“A Little Late with Lilly Singh” changes the norm

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“A Little Late with Lilly Singh” changes the norm

Daniela Wise, Social Media Editor

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YouTube star Lilly Singh recently joined a new clique: Late Night hosts. She joins the likes of Colbert, the Jimmys and Meyer; however  many have said that Late Night is not her place to be, claiming that she belongs on YouTube and YouTube only, citing her use of identity politics as the reason. Although many media outlets have coined her as the “bisexual woman of color” of late-night, Singh is more than what people see on the surface. 

As Variety’s Caroline Framke remarked, “Lilly Singh is well aware of her unique place in late night.” Singh even raps in her first episode, addressing all her viewers: “Hello, my name is Lilly, and I ain’t no white man.” Her bold outfits matched with bright, red lipstick and long hair all translate to one central idea: “This is who I am, and this is what my show will be.”

All this is complemented by her infectious and bright personality. “I think she is not a normal late-night host in the sense of her personality. I feel like a lot of the late-night hosts are dull and boring because they have been doing it for so long. I just feel like they aren’t having as much fun [as Singh is],” junior Riti Prasanna remarked.

Singh is strikingly unapologetic in her monologues. In one instance, she vented about how little she knew about sex as an Indian daughter. This is another reason people refuse to see her show as “revolutionary;” not everyone is Indian, so therefore she can’t connect to everyone because she “isn’t that funny.” 

Although this is a valid point, this also implies that jokes made by straight, white, male hosts somehow apply to everyone, and are accepted even though not everyone is white.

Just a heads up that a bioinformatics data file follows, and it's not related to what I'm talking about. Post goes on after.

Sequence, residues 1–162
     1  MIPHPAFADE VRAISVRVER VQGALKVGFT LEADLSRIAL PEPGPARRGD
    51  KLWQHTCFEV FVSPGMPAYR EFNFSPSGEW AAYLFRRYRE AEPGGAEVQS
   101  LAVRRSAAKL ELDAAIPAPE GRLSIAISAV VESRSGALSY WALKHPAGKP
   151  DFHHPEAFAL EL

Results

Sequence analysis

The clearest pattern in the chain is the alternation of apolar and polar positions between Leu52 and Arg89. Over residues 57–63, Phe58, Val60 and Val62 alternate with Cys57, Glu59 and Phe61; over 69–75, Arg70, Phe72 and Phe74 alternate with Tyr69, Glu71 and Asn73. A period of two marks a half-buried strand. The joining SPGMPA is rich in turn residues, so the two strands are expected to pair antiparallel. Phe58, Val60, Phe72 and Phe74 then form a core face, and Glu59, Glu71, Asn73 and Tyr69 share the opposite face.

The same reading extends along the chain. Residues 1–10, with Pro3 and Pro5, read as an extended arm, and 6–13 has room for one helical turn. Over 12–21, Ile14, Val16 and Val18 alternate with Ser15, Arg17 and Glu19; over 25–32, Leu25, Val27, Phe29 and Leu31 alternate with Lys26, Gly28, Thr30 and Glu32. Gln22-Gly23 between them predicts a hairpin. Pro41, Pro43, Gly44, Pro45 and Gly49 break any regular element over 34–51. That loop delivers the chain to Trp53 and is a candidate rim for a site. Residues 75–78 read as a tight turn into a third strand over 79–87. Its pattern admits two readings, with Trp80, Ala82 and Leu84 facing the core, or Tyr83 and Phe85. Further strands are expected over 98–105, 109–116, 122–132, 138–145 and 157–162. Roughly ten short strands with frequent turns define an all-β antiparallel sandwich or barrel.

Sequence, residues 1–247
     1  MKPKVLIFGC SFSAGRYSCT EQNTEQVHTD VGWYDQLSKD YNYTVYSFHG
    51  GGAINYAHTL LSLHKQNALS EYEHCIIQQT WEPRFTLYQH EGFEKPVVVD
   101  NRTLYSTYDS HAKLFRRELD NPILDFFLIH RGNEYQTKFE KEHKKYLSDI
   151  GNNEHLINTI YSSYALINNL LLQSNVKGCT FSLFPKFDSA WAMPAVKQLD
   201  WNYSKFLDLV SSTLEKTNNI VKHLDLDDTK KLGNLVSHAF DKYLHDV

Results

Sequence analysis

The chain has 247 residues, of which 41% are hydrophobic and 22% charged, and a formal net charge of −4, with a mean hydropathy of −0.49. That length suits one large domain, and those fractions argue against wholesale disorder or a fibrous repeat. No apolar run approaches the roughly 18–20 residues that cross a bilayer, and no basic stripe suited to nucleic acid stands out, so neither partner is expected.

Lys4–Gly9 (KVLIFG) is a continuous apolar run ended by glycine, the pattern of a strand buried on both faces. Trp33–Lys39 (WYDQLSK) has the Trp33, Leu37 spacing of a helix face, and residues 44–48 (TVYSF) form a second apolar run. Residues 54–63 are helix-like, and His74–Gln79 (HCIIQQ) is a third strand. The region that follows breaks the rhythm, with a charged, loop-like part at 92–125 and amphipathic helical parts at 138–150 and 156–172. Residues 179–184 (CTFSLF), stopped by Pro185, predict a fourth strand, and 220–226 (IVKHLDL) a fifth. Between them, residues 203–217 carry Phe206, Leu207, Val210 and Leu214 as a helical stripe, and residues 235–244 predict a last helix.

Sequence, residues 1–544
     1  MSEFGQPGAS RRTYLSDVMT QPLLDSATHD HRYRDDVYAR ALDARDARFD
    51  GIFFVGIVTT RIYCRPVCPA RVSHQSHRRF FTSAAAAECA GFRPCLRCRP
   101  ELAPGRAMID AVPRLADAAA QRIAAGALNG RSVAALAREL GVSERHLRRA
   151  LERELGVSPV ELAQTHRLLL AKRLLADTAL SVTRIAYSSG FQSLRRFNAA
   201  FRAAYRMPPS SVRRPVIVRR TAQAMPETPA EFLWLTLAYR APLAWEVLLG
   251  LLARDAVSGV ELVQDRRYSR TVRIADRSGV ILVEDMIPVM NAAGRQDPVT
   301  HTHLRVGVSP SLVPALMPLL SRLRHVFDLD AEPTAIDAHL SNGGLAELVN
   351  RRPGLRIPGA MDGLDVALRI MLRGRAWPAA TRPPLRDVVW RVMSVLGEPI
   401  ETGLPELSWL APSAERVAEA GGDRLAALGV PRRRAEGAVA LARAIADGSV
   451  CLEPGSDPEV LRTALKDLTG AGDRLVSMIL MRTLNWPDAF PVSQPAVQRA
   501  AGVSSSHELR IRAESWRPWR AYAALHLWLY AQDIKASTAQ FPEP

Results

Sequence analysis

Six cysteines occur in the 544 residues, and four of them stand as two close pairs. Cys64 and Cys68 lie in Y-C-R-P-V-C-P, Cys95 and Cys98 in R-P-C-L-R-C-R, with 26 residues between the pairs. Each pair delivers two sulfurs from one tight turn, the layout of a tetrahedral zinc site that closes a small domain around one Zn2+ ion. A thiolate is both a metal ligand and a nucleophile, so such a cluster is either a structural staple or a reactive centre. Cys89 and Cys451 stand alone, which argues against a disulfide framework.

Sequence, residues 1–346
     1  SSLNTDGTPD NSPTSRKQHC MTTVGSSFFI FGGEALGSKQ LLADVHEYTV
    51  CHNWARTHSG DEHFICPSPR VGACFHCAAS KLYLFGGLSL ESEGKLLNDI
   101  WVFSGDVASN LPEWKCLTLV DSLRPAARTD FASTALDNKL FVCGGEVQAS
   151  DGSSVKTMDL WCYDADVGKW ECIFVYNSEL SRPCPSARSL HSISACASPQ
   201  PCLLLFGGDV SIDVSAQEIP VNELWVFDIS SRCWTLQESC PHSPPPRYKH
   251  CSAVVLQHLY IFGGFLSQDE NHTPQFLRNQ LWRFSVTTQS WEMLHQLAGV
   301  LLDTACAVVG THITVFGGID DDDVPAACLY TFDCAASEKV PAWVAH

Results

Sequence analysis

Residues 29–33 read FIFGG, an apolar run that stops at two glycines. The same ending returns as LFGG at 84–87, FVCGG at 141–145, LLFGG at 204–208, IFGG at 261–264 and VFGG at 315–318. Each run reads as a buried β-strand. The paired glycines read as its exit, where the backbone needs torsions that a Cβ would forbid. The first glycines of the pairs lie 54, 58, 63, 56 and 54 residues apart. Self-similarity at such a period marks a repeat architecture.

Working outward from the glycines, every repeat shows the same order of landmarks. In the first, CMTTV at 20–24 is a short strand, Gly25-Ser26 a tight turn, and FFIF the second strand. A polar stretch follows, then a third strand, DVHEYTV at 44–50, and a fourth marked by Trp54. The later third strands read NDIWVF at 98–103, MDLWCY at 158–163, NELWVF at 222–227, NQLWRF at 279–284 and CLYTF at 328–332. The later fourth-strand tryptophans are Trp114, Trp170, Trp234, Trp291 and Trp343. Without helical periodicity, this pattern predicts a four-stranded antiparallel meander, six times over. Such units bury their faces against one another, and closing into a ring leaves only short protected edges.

“I think there might be more diversity in Hollywood [now that Singh is a late night host]because almost all of the actors are white, straight, and mainly male. Hopefully, there will be more female representation and people of color who will get more gigs and opportunities,” Prasanna remarked.

What many people overlook is all the work that goes into the show. A Little Late is actually produced by Universal Television, Irwin Productions, and Unicorn Island Entertainment. Unicorn Island Entertainment was launched in April 2018 by Lily Singh, and Polly Auritt, the former head of original programming at Mashable Studios. The mere feat of having a late-night show produced by one’s own production company is a huge deal.

“A Little Late with Lilly Singh” is often associated with the idea of being a “bisexual woman of color,” and many may see this as Singh associating herself with identity politics, associating ones self with a cultural, ethnic, or social idenity based group for the sake of promotion, to market her show. Although this may be part of it, there is a more immense significance behind this phrase. 

“Sure, she comes from YouTube, and it isn’t very credible…but I still say she has a pretty good shot, and YouTube is one of the biggest social media platforms,” Prasanna pointed out.

Even if her show doesn’t last longer than a season or two, the significance is the pathway she is paving for others. Such an act is comparable to how Mindy Kaling paved a road for women of color in movies and television with feats such as The Mindy Project. Singh still holds a valuable fanbase from her Youtube channel, and already holds the attention of billions of teens and young individuals. 

Personally, as someone who is a woman of color, Singh is someone I look up to. Seeing someone on primetime television who is doing things her own way and running her own show is rather inspiring. In the current polarizing political climate where it is nearly impossible to have a civil conversation, seeing Singh grow and evolve gives me hope for societal change. Her show does not have to be loved by everyone; it merely has to be acknowledged and respected. 

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